“ Genre: Fiction / Author: Robert Girardi / Edition: New edition / Paperback / 288 Pages / Book is published 1998-07-16 by Sceptre „
This novel by Robert Girardi follows a fish-out-of-water US financial trader as he traverses the backstreets of the mysterious and beautiful Venice, encountering a variety of odd characters along the way, the strangest being the appropriately-named Caterina - 'Signora dei Gatti', or 'Lady of the Cats'.
Jack Squire - the protagonist - finds himself perturbed by the surfeit of concentrated beauty in Venice. He longs for the blandness of the US landscape with its endless vistas of shopping malls and MacDonalds. All of this angst brings about insomnia. and he prowls the deserted streets and piazzas, brooding about events that transpired before the trip. He gets drawn into the labyrinthine city of the lagoon, discovering it represents a map of his own heart - will he survive the revelation?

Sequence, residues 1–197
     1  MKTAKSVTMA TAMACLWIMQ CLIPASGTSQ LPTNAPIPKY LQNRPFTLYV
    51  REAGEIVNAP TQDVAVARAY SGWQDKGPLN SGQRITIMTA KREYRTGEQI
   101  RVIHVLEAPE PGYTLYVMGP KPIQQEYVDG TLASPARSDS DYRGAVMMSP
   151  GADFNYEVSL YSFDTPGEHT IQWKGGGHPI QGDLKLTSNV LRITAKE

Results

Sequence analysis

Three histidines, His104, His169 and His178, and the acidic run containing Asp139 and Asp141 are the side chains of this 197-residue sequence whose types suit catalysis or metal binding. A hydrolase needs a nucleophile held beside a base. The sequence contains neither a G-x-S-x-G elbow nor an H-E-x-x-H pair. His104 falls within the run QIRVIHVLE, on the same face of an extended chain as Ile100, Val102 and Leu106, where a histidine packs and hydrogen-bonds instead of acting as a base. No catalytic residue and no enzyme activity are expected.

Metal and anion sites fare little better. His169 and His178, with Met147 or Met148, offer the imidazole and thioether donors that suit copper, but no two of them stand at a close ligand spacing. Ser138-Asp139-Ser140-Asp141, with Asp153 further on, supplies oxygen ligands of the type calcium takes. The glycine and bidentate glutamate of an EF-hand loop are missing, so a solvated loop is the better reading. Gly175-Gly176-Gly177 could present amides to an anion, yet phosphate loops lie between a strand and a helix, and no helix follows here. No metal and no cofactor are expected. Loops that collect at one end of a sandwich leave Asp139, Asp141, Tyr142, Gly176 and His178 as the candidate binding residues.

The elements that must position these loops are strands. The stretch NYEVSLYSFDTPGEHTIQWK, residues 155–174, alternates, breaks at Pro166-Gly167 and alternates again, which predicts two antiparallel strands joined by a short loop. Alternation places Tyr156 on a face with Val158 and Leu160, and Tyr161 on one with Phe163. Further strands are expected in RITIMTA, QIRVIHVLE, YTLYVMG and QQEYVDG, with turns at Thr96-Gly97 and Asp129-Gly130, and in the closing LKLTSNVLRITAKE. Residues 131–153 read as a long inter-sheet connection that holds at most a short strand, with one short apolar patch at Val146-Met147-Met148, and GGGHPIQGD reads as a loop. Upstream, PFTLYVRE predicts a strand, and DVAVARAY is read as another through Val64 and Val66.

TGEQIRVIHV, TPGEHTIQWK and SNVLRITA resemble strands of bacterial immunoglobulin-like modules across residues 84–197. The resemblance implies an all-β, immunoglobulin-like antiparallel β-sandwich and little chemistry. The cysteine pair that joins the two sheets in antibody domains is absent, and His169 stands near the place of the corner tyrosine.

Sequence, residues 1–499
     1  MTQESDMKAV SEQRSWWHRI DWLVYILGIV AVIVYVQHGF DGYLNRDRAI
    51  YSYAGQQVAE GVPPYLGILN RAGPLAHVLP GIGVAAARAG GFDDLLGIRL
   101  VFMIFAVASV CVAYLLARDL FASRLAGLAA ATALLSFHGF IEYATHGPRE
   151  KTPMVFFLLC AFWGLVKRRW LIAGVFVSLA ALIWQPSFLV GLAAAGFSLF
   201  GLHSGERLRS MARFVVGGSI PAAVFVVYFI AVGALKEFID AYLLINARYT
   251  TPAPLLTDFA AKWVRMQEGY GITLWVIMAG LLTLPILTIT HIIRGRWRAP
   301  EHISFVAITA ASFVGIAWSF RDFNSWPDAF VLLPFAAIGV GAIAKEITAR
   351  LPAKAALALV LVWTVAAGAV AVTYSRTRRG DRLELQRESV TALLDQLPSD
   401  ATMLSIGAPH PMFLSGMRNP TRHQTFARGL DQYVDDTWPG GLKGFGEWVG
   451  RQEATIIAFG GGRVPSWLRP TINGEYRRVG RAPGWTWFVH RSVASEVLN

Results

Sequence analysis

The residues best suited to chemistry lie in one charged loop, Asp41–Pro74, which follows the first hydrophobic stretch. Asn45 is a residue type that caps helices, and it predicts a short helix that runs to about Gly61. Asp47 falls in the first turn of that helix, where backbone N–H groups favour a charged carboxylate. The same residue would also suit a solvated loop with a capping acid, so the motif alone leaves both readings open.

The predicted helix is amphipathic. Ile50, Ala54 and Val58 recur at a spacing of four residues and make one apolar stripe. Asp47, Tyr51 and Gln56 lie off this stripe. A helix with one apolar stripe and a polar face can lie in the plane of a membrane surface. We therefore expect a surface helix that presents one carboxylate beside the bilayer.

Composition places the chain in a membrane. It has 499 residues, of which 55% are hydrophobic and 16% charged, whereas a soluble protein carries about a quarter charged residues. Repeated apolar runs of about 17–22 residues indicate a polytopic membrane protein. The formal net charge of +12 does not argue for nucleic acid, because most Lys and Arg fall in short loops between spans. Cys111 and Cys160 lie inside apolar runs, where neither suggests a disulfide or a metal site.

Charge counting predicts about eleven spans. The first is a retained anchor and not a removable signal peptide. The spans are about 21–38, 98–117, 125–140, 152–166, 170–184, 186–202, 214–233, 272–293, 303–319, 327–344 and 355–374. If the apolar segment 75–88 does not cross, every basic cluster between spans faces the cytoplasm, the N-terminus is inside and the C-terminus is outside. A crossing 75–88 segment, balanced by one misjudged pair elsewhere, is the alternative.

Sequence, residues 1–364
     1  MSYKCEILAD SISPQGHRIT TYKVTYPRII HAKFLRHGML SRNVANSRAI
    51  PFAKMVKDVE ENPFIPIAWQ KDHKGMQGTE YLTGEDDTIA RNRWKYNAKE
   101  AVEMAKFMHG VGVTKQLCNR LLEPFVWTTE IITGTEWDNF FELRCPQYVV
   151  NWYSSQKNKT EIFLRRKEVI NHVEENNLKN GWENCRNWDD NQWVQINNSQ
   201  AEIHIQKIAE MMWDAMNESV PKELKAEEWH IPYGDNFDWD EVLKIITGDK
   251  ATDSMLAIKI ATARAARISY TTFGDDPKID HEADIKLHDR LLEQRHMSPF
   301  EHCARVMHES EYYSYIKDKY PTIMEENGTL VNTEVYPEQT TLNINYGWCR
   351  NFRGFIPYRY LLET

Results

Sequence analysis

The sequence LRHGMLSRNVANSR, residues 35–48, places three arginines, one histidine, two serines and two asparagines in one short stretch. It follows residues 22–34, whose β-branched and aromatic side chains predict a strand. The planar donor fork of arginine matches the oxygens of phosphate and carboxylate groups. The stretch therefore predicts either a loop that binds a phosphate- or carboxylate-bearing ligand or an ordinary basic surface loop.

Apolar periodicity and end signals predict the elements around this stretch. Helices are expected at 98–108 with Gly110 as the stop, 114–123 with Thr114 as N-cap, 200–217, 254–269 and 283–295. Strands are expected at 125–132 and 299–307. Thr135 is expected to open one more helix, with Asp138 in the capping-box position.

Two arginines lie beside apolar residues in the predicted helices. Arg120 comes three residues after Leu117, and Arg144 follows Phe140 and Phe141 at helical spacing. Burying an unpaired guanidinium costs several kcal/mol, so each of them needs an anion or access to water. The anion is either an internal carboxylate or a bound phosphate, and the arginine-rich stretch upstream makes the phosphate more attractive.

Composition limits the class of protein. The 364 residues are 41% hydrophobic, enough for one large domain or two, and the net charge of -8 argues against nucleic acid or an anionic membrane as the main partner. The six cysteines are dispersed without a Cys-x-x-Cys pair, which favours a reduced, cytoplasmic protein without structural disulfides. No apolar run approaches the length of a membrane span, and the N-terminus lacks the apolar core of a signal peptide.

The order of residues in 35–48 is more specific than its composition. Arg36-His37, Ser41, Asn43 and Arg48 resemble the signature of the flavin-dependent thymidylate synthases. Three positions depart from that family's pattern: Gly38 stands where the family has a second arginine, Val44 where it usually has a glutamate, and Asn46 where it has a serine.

Mysteries set in Venice , particularly those with an uncanny aspect, will inevitably be measured against the yardstick of Daphne Du Maurier's short story "Don't look now" and its evocative film adaptation by Nic Roeg, and perhaps other Venetian thrillers, such as Ian McEwen's "The Comfort of Strangers".
This mysterious brooding city is almost a cliche in fiction, and sometimes Girardo veers towards parody rather than pastiche. The supernatural element is deftly handled, however, and the book is the right length at just under 200 pages - it is more a long novella than an actual novel, and is the better for its brevity.
All in all, a distracting book, but the author, like his protagonist, and perhaps therefore deliberately, is almost a bystander in the unfolding narrative.
I would recommend this book for a train journey perhaps, or any time which you can set aside to read it in one sitting. Its prose is perhaps a little too brittle to set the book down and pick it up again too many times, and I would suggest that it ingested in one big gulp - as you would a film - to maintain its atmosphere.
Indeed, I believe it is soon to made into a film, and I can imagine it being quite a good one.